American literature began with the horse. Our poetry had to wait for Whitman, but the stirrings of an American fiction—a fiction that did not slavishly imitate whatever the British were doing—are found in the ride of the Headless Horseman. Like Frost a hundred years later, Washington Irving had to go to England to write his most original work, and he came bearing news from the backwaters. The British loved tales of empire, loved them long after the empire had collapsed, and the better when written by exotics. Irving was followed by Kipling, Frost, Walcott, Naipaul, and Rushdie.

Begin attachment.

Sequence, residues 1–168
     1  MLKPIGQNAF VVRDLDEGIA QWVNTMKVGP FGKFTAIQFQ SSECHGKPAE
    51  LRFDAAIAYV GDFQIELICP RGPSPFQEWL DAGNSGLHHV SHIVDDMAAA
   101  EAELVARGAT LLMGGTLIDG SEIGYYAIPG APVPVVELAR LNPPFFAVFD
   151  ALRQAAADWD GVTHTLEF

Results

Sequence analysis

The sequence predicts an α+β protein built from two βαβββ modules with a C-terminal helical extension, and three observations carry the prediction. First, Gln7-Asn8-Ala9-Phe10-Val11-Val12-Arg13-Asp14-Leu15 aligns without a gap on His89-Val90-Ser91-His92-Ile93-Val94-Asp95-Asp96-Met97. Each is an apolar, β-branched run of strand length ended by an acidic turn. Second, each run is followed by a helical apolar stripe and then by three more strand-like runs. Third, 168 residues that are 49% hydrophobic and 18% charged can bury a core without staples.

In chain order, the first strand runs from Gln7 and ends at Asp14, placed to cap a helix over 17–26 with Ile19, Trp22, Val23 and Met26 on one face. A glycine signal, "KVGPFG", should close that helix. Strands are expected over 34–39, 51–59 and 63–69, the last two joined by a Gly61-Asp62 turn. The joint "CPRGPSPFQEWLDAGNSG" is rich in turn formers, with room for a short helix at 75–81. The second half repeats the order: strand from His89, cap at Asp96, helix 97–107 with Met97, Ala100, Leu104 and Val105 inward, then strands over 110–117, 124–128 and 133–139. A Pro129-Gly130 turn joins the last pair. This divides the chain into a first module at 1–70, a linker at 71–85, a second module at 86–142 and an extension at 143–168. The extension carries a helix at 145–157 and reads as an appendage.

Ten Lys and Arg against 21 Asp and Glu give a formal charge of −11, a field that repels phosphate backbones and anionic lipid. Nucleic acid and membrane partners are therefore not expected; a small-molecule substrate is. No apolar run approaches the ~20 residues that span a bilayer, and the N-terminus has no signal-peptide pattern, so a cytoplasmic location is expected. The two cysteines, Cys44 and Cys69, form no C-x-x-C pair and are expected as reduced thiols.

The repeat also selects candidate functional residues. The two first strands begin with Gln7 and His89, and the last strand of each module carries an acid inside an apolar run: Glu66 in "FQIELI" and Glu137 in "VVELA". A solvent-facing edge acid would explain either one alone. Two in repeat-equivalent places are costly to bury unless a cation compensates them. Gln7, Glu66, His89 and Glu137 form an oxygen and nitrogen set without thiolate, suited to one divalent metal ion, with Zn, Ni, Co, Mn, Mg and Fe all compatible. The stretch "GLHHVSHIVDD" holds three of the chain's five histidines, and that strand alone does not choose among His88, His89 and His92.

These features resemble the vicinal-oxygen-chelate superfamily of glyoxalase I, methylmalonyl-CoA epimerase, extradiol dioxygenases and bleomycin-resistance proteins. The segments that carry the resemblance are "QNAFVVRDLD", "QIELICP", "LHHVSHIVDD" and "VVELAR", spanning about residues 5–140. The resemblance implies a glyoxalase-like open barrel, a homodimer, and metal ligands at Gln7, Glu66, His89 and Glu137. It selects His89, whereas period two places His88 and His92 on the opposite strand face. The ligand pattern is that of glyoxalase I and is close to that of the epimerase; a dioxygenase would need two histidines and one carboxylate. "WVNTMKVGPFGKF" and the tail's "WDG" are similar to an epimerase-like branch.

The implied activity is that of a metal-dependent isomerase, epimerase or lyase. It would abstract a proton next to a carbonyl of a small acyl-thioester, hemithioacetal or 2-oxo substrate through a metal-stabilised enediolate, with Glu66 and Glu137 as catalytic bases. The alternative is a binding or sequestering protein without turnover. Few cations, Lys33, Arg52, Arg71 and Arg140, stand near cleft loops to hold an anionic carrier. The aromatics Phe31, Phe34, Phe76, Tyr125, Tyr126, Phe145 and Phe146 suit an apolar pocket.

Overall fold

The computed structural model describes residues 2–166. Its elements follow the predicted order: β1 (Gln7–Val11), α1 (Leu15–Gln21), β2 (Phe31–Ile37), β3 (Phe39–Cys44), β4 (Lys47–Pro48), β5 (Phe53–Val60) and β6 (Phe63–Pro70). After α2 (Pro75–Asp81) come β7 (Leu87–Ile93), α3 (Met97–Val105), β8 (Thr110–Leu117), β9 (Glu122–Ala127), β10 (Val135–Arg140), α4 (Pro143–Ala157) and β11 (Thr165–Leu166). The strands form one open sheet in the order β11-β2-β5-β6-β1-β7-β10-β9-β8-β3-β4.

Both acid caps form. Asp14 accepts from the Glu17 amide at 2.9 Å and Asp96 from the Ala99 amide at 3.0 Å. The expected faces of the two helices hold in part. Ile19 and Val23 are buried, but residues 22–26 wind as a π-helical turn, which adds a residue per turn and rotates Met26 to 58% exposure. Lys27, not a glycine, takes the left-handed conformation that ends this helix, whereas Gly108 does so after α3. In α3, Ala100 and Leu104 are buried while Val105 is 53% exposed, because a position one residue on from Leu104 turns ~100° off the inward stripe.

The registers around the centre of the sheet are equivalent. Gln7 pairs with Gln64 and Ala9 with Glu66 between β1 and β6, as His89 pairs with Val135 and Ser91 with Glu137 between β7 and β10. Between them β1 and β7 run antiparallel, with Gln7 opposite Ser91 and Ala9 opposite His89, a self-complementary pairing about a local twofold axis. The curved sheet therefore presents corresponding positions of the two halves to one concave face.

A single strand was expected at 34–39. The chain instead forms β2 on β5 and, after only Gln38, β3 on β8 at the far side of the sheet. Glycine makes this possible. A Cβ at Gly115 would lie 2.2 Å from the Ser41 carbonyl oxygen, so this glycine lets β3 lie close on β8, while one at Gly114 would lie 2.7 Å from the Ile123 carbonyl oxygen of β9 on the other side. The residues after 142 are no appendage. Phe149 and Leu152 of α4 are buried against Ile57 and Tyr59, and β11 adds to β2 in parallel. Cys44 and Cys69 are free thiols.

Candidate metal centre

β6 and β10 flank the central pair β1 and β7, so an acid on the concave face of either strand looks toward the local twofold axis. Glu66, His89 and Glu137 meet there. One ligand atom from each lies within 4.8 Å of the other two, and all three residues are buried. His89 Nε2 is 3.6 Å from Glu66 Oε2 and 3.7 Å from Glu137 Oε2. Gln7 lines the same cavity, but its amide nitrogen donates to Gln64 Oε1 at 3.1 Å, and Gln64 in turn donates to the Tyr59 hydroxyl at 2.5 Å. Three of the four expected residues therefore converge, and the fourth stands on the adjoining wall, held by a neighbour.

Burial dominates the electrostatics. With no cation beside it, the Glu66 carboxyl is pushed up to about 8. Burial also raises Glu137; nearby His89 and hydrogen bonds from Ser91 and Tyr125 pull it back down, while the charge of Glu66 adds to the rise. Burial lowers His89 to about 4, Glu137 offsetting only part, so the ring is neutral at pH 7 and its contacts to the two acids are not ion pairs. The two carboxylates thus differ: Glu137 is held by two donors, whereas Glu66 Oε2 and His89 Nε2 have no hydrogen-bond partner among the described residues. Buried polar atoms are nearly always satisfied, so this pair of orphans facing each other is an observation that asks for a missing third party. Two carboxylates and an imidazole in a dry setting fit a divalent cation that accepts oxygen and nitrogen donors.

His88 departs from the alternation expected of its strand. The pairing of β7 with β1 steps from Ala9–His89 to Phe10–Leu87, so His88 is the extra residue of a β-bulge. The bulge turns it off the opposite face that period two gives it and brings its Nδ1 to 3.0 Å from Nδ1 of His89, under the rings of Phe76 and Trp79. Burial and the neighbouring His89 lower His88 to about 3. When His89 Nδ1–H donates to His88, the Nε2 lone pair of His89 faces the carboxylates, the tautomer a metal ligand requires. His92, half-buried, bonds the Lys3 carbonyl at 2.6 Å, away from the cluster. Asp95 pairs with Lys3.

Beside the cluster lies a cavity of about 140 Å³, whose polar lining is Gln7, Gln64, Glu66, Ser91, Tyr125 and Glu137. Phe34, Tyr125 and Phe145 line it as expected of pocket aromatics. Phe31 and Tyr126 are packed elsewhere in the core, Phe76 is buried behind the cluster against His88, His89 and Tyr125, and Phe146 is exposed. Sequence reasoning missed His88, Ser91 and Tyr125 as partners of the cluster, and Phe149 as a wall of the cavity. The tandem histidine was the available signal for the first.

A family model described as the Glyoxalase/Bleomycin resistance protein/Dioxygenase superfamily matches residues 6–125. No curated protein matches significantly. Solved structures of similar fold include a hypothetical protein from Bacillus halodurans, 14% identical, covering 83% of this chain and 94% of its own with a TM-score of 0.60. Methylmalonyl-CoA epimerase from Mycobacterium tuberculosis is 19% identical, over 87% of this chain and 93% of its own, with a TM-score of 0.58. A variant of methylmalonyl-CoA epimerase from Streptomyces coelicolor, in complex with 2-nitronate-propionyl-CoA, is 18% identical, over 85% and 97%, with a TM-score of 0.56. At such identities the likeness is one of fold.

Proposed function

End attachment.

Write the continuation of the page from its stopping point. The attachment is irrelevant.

Perhaps a national literature must begin in myth. “The Legend of Sleepy Hollow” gave nightmares to generations of children. Irving offered not merely German folk tales transplanted to the New World, but also a sense of the uncanny lurking on foreign ground (home and yet not home with its New York, New Jersey, New London), the uncanny found in...

 
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